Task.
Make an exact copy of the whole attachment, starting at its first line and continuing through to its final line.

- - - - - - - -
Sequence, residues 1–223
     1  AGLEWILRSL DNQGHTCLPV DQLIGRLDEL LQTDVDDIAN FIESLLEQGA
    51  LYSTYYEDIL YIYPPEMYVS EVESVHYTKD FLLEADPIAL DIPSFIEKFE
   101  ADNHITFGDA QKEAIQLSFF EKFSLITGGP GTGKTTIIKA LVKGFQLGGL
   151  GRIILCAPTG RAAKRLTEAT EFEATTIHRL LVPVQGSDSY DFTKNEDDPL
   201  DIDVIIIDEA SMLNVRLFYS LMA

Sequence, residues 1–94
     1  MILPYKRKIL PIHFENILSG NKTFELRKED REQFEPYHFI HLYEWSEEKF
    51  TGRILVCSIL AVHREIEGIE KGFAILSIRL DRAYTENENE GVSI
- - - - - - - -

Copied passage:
Sequence, residues 1–223
     1  AGLEWILRSL DNQGHTCLPV DQLIGRLDEL LQTDVDDIAN FIESLLEQGA
    51  LYSTYYEDIL YIYPPEMYVS EVESVHYTKD FLLEADPIAL DIPSFIEKFE
   101  ADNHITFGDA QKEAIQLSFF EKFSLITGGP GTGKTTIIKA LVKGFQLGGL
   151  GRIILCAPTG RAAKRLTEAT EFEATTIHRL LVPVQGSDSY DFTKNEDDPL
   201  DIDVIIIDEA SMLNVRLFYS LMA

Sequence, residues 1–94
     1  MILPYKRKIL PIHFENILSG NKTFELRKED REQFEPYHFI HLYEWSEEKF
    51  TGRILVCSIL AVHREIEGIE KGFAILSIRL DRAYTENENE GVSI